Like Dolls with Their Heads Cut Off

Laura Quinney

  • October by Louise Glück
    Sarabande, 32 pp, US $8.95, April 2004, ISBN 1 932511 00 8

Louise Glück, the poet laureate of the United States for 2003-2004, belongs to the line of American poets who value fierce lyric compression. This tradition was established by Emily Dickinson and her followers: H.D., Louise Bogan and Elizabeth Bishop. It is a tradition predominantly, though not exclusively, of women poets; the opposing tradition of ornate or discursive amplitude has been predominantly male (Whitman, Crane, Pound, Eliot, Ginsberg). Wariness and rigour characterise this genus of poetry by American women. Dark, incisive and severe, it treats every species of indulgence with mistrust, from rhetorical excess to wilful illusion.

Glück’s poetry, though largely autobiographical, is never confiding. She has gradually moved from the chilling, impersonal style of her first books to a freer, though still carefully calculated use of the first person. Her apprentice work, the volumes Firstborn (1968) and The House on Marshland (1975), is supremely reticent: the first collection is imperious and grim, the second distant, lyrical, surreal. Her poems become less emotionally rigid with Descending Figure (1980), The Triumph of Achilles (1985) and Ararat (1990). Meadowlands (1996) and Vita Nova (1999), which deal with her separation and divorce, expand into a bolder use of autobiography. The Seven Ages (2001) and, most recently, October are retrospective but scrupulous. The exception to this autobiographical trend is the inspired experiment of The Wild Iris (1992), in which questions of faith, existence and meaning are debated in a garden, by God, the gardeners and a chorus of flowers. Glück’s recent books take rhetorical risks unthinkable in her earlier work. But she remains on guard. All her later volumes work to dispel the appearance of spontaneity: they all frame their ‘disclosures’ in relation to a literary model (the Odyssey in Meadowlands, Dante in Vita Nova and Shakespeare in The Seven Ages), thus signalling the contrived or artful character of these putatively expressive poems. To Glück, the ‘confessional’ mode is odious.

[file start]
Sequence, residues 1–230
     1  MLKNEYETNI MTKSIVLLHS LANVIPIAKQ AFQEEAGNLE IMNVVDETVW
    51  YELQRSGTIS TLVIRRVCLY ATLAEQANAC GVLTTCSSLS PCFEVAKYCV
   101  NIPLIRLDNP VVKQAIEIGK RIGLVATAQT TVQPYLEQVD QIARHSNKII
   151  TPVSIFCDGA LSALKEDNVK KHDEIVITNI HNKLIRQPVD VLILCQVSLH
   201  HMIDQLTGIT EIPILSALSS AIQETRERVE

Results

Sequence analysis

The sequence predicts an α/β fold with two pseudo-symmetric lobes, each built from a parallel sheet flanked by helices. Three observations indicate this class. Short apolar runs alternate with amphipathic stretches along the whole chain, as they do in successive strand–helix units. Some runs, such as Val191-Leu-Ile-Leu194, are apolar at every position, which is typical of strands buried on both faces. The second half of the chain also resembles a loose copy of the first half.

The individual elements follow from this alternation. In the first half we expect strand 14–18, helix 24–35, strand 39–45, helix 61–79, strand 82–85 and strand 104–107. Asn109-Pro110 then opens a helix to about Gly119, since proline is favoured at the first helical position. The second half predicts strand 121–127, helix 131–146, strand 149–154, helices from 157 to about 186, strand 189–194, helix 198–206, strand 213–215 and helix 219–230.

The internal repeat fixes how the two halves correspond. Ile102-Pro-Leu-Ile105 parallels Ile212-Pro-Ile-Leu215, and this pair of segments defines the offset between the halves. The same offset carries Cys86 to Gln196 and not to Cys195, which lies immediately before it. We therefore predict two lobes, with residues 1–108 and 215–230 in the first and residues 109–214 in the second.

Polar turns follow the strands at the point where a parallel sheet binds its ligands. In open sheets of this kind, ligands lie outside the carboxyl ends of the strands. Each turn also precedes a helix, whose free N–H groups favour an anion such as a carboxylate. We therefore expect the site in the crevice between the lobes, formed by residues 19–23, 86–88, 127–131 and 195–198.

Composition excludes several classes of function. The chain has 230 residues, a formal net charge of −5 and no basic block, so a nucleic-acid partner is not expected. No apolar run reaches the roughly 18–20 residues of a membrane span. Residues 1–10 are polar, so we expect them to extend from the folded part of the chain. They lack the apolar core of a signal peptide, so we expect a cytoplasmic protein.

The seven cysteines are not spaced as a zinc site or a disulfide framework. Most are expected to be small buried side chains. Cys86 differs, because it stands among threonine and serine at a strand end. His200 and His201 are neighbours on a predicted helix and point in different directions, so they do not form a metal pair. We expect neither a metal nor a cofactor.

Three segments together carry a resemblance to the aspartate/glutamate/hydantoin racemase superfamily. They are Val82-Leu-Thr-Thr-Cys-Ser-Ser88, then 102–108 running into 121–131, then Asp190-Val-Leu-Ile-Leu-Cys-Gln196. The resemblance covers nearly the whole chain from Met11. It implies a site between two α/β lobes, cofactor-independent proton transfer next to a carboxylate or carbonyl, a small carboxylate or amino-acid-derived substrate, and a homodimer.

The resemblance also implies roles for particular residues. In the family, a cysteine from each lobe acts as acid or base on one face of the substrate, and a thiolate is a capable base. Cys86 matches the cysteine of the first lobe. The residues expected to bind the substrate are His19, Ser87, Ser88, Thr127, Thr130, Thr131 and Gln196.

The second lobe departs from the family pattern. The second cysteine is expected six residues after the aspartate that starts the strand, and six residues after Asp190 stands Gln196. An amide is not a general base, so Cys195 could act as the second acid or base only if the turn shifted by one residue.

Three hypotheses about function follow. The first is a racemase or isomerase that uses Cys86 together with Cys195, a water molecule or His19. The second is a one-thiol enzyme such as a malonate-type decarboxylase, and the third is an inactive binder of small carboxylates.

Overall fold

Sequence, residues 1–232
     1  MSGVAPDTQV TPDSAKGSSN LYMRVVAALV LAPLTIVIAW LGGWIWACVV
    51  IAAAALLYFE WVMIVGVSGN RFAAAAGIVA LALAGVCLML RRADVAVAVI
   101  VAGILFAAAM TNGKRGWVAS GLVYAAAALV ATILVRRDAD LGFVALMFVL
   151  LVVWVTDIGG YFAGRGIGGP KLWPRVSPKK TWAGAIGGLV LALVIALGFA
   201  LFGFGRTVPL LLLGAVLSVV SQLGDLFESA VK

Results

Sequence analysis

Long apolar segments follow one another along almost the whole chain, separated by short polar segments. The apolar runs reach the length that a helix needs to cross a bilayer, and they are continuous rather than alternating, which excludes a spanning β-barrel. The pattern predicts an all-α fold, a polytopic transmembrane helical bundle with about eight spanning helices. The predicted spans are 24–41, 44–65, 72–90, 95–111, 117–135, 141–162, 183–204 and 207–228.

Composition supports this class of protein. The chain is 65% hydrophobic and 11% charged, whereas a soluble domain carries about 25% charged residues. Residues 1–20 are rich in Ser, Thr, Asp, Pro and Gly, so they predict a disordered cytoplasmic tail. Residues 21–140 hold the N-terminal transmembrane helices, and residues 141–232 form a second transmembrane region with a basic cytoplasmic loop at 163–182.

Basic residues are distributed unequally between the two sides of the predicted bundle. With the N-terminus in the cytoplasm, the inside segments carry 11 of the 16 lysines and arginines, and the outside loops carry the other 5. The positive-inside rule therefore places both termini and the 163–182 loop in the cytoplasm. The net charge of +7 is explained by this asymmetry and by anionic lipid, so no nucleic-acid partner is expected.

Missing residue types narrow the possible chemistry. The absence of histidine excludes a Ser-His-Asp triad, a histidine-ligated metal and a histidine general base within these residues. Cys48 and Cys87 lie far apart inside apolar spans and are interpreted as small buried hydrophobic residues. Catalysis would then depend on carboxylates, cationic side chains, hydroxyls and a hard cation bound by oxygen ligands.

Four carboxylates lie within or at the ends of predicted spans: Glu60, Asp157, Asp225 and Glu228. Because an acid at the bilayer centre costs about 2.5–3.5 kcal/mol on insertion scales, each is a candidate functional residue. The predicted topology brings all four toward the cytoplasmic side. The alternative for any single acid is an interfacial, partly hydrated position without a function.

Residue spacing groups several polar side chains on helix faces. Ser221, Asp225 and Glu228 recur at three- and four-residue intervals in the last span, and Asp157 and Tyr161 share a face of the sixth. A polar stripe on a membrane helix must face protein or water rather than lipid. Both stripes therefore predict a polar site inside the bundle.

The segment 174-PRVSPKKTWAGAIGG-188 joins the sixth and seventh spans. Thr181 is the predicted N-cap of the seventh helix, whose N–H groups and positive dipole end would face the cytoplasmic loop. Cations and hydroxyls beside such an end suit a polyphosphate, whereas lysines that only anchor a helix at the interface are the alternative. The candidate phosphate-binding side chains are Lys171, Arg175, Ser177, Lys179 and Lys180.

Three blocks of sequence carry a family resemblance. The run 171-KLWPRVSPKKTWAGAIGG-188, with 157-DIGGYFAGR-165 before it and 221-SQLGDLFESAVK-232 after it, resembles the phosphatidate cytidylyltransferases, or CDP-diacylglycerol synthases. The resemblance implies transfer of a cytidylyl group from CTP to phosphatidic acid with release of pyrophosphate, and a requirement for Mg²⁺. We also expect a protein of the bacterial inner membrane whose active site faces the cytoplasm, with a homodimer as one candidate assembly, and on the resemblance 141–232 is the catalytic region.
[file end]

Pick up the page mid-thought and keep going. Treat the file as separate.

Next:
In ‘Education of the Poet’, a brief literary autobiography, included in Proofs and Theories: Essays on Poetry (1994), Glück describes how, as a six-year-old, she disdained ‘the windy, dwindling kind’ of poem, preferring the terseness of ‘poems that seemed so small on the page but that swelled in the mind’. These poems had an implosive quality, as a result of intense pressure being applied to a spare vocabulary: ‘What I responded to, on the page, was the way a poem could liberate, by means of a word’s setting, through subtleties of timing, of pacing, that word’s full and surprising range of meaning.’ Naturally, she went on to write poems of this sort: taut performances that dart and swerve, rivet and surprise.

Her poems are usually short and narrow, making emphatic use of enjambement to slow the pace and to suggest the labour of the utterance.

In my first dream the world appeared
the sweet, the forbidden
but there was no garden, only
raw elements

I was human:
I had to beg to descend

the salt, the bitter, the demanding, the pre-emptive

And like everyone, I took, I was taken
I dreamed

I was betrayed:

Earth was given to me in a dream
In a dream I possessed it.

(‘The Seven Ages’)

Antithetical forms of urgency compete in these lines: the requirement of precision versus the impetus of expression. Pauses of various lengths are introduced through punctuation, abbreviated line lengths and stanza breaks, while momentum comes from apposition and anaphora (the catalogue of phrases beginning with ‘I’). The conflict between momentum and delay creates rhythmical tension. In this way, Glück produces the suspense she admires. But the underlying drama is psychological: the speaker’s words reflect the longing to tell her story but also show constraint, hesitation and self-mistrust. In speaking at all, she seems to be combating a momentous counterforce, or pair of counterforces: the seduction of silence and the temptation of falsehood.

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